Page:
Los Angeles – The Writers Guild of America, West (WGAW) has released the Executive Summary of the 2011 Hollywood Writers Report: Recession and Regression. The study examines writers’ employment and earnings by ethnicity, gender, and age from 2008 through 2009 in the motion picture and television industry. As in previous years, diverse writers face significant obstacles to employment in Hollywood.
According to the report’s author Darnell Hunt, Ph.D., director of the Ralph J. Bunche Center for African American Studies and professor of sociology at UCLA, “From the initial project pitch to project completion, each phase of the production pipeline has the potential to serve as a barrier to or facilitator of increased diversity among industry writers. The WGAW is committed to working with the rest of the industry to ensure that the production pipeline is shaped less by the former and more by the latter. Diversity is not a luxury, not even in tough times. The Hollywood industry, in the final analysis, depends on increasingly diverse audiences and on the stories to which they can relate.”
The full report will be available in late summer. Some of the key findings in the summary include:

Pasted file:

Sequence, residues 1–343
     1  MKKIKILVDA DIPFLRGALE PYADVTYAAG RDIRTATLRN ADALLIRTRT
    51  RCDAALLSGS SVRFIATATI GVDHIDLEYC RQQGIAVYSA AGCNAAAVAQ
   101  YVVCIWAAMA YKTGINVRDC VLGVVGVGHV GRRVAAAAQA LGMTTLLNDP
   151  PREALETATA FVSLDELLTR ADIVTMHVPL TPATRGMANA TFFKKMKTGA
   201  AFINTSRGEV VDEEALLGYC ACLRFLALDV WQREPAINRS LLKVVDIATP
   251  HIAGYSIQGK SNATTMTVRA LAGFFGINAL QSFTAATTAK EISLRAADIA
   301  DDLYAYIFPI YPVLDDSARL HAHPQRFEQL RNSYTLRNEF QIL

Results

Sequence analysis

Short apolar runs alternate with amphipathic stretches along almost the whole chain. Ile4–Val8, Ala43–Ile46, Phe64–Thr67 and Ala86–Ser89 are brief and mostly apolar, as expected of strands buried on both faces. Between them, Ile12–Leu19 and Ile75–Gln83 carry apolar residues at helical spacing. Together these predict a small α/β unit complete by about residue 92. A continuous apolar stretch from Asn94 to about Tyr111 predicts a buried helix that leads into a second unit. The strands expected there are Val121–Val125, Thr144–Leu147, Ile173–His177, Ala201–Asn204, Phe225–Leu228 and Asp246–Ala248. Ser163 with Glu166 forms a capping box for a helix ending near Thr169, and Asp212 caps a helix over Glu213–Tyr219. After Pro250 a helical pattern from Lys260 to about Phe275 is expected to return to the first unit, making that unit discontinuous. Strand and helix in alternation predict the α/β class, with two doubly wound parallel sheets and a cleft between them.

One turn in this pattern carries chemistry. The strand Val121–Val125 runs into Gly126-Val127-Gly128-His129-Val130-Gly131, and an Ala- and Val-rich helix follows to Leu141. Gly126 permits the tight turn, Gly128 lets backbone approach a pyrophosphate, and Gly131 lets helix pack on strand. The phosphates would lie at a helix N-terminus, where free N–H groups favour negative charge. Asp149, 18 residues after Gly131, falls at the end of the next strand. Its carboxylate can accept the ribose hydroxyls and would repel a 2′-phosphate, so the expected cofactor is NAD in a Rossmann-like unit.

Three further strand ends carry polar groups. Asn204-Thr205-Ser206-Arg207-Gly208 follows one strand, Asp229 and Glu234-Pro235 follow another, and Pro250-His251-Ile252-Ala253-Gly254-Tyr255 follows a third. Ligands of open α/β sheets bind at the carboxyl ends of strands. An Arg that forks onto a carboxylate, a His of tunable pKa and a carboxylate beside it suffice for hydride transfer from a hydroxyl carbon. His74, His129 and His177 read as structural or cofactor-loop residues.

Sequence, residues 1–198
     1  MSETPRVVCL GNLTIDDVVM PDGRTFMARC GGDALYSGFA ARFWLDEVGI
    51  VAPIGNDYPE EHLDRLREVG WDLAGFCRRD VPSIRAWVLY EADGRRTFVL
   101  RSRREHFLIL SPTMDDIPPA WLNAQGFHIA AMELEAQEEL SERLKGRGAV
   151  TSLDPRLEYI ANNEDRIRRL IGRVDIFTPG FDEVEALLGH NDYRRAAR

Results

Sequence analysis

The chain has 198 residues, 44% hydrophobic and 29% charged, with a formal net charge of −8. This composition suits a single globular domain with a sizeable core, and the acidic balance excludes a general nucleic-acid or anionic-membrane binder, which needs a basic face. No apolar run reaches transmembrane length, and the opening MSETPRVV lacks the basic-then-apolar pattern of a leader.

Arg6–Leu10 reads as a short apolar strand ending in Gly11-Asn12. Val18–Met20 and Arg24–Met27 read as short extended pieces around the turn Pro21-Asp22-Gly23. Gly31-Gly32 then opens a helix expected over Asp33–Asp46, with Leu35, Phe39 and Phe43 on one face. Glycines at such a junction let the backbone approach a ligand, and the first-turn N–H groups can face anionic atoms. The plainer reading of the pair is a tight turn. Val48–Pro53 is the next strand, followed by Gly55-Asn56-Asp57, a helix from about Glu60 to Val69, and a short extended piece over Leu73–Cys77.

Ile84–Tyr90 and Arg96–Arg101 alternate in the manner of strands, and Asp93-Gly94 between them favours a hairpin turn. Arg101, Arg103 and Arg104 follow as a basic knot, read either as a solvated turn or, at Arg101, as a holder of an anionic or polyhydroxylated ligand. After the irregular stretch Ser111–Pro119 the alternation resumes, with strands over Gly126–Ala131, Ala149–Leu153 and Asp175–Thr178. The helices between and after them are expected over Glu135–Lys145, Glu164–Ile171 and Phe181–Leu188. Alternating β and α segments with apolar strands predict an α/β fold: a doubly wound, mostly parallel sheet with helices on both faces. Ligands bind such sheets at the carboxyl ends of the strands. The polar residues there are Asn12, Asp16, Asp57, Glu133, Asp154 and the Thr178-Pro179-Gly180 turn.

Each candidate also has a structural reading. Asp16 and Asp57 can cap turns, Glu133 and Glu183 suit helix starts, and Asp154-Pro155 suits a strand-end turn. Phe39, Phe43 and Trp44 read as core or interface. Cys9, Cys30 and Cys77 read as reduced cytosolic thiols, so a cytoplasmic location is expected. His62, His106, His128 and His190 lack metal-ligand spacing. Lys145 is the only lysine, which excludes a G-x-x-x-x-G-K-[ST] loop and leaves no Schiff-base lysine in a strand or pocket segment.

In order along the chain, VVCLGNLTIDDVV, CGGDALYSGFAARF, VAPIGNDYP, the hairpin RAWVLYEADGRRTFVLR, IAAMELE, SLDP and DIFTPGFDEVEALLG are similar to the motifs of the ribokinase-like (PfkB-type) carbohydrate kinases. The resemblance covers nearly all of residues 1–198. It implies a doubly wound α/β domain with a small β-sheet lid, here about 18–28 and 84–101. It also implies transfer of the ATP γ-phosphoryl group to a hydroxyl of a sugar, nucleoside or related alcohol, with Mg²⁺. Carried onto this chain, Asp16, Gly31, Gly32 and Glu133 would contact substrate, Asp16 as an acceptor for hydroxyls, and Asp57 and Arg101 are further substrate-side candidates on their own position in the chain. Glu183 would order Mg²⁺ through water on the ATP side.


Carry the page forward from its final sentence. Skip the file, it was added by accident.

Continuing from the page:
· Women writers’ overall employment share declined, driven by a one-point loss in the film sector, where women writers’ share dipped from 18% in 2007 to 17% in 2009.
· Although the employment share for women television writers remained stable (still a very low 28%), the earnings gap in television between male and female writers widened again – an 84% increase from the previous report, issued in 2009.
· While the minority share of television employment rebounded to 2005 levels (still a very low 10% up from 9%), the minority share of film employment declined to the lowest level in a decade (down from 6% to 5%).
· Despite the gain in television employment, the television earnings gap for minorities widened to the largest level in a decade. The television earnings gap for minorities more than doubled since the 2009 report.
· The employment rate remained flat for the largest group of older writers (age 41-50) at 61%; however the employment group for the youngest group of writers (under age 31), declined by four percentage points. TV writers age 51-60 had a decline of 1%, whereas writers age 61-70 actually had an increase of 1%.
To view the 2011 Hollywood Writers Report’s Executive Summary, click here.
As part of its continuing proactive efforts to enhance employment opportunities and open doors for diverse writers, the WGAW recently announced more than a dozen 2011 Writer Access Project honorees in drama and comedy TV categories. Now in its third year, the Guild’s innovative program, coordinated by the WGAW’s Diversity Department, identifies writers with television staffing experience and makes samples of their work available to entertainment industry decision makers, including showrunners, producers, network and studio executives, agents and managers. More info on the Guild’s WAP program and this year’s honorees can be found at: http://www.wga.org/wap.
Editor-in-Chief Nikki Finke - tip her here.